Dendrohydrology and water resources management in south-central Chile: Lessons from the Río Imperial streamflow reconstruction

Alfonso Fernández*, Ariel Muñoz, Álvaro González-Reyes, Isabella Aguilera-Betti, Isadora Toledo, Paulina Puchi, David Sauchyn, Sebastián Crespo, Cristian Frene, Ignacio Mundo, Mauro González, Raffaele Vignola

*Corresponding author for this work

Research output: Contribution to journalArticleAcademicpeer-review

23 Citations (Scopus)


Streamflow in south-central Chile (SCC, ~€37-42° S) is vital for agriculture, forestry production, hydroelectricity, and human consumption. Recent drought episodes have generated hydrological deficits with damaging effects on these activities. This region is projected to undergo major reductions in water availability, concomitant with projected increases in water demand. However, the lack of long-term records hampers the development of accurate estimations of natural variability and trends. In order to provide more information on long-term streamflow variability and trends in SCC, here we report findings of an analysis of instrumental records and a tree-ring reconstruction of the summer streamflow of the Río Imperial (~ 37° 40′S-38° 50′S). This is the first reconstruction in Chile targeted at this season. Results from the instrumental streamflow record ( ~1940 onwards) indicated that the hydrological regime is fundamentally pluvial with a small snowmelt contribution during spring, and evidenced a decreasing trend, both for the summer and the full annual record. The reconstruction showed that streamflow below the average characterized the post-1980 period, with more frequent, but not more intense, drought episodes. We additionally found that the recent positive phase of the Southern Annular Mode has significantly influenced streamflow. These findings agree with previous studies, suggesting a robust regional signal and a shift to a new hydrological scenario. In this paper, we also discuss implications of these results for water managers and stakeholders; we provide rationale and examples that support the need for the incorporation of tree-ring reconstructions into water resources management.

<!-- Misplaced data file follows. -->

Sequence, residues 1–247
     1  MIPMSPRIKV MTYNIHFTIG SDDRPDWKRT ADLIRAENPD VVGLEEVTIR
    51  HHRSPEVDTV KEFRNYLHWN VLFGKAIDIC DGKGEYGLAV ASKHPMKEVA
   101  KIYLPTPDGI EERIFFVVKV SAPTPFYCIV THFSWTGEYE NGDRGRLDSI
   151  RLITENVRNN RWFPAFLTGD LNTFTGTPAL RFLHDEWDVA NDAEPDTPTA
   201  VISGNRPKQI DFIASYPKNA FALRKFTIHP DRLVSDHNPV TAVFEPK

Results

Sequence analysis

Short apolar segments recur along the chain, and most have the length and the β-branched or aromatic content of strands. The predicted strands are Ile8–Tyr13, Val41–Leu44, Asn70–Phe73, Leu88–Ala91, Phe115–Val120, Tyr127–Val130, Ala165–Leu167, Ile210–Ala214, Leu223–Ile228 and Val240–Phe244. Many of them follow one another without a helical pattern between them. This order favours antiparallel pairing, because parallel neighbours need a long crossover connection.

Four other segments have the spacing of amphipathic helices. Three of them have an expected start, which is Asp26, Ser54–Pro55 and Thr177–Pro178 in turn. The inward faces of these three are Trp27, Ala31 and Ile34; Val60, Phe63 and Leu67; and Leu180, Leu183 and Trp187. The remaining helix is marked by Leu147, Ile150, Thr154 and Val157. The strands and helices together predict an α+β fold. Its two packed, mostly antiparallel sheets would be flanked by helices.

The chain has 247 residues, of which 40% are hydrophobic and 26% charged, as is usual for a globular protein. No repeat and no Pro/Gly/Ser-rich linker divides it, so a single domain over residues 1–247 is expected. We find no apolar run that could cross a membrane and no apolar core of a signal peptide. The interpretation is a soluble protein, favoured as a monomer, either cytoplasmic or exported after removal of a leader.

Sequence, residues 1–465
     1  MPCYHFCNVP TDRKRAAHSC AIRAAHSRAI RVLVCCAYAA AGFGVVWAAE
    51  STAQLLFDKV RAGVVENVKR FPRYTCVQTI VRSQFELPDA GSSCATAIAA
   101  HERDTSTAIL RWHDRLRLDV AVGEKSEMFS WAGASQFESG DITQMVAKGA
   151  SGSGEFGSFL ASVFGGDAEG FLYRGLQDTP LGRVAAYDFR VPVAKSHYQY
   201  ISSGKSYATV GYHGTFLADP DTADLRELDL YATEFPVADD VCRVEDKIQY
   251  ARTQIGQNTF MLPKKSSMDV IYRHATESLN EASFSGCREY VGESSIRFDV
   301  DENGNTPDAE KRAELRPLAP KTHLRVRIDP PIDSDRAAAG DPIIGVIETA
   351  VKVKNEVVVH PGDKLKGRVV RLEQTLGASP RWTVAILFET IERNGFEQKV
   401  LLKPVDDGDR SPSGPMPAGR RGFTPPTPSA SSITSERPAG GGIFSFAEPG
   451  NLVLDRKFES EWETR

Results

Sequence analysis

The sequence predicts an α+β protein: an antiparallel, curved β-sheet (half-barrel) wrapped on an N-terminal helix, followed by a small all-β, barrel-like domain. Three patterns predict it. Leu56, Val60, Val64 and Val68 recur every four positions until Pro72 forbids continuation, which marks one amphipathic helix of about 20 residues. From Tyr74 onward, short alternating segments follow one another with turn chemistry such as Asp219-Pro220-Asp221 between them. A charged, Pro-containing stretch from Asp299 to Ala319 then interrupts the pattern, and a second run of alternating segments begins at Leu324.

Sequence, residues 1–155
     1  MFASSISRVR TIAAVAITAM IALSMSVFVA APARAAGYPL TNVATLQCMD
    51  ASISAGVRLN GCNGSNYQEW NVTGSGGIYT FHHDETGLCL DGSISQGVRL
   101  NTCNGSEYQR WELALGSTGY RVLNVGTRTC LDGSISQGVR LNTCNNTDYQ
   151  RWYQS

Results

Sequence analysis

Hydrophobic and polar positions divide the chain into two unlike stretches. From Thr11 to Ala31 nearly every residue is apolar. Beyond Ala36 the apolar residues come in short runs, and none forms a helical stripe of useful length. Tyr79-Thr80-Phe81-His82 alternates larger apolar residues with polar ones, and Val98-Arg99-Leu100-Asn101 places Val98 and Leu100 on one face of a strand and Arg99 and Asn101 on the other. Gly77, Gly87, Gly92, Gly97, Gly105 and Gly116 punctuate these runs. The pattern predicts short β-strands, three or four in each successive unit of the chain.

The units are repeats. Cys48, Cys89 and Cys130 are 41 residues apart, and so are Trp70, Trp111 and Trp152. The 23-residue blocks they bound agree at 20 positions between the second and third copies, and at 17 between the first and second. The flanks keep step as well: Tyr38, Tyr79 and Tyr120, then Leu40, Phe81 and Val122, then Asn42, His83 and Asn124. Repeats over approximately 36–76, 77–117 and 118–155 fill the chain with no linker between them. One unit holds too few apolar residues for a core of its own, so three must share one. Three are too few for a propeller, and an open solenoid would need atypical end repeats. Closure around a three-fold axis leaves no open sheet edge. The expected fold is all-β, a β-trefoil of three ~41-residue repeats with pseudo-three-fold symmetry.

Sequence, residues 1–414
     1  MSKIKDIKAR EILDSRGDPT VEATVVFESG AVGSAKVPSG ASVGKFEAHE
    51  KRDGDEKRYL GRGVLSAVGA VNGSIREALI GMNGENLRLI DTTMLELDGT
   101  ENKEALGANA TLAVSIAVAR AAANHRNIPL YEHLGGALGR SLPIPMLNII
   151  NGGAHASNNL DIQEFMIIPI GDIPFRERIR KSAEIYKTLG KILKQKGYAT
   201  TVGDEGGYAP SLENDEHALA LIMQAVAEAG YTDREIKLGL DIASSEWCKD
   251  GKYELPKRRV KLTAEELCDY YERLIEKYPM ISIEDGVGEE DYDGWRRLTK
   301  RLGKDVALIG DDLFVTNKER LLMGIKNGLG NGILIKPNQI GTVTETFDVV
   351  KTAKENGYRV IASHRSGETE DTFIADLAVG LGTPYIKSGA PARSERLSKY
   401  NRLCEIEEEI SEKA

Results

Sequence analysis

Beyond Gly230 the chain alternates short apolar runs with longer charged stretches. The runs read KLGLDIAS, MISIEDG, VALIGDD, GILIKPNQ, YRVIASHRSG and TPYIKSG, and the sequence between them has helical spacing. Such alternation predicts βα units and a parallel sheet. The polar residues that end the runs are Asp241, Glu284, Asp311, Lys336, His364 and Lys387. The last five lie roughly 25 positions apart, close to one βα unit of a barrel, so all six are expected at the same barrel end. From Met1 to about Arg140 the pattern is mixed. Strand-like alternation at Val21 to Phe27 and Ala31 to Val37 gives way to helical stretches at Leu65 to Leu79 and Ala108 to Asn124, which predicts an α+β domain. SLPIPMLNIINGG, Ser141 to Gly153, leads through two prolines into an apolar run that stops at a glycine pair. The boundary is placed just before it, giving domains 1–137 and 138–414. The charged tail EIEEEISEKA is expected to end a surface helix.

Original languageEnglish
Pages (from-to)2921-2935
Number of pages15
JournalHydrology and Earth System Sciences
Issue number5
Publication statusPublished - 17 May 2018
Externally publishedYes


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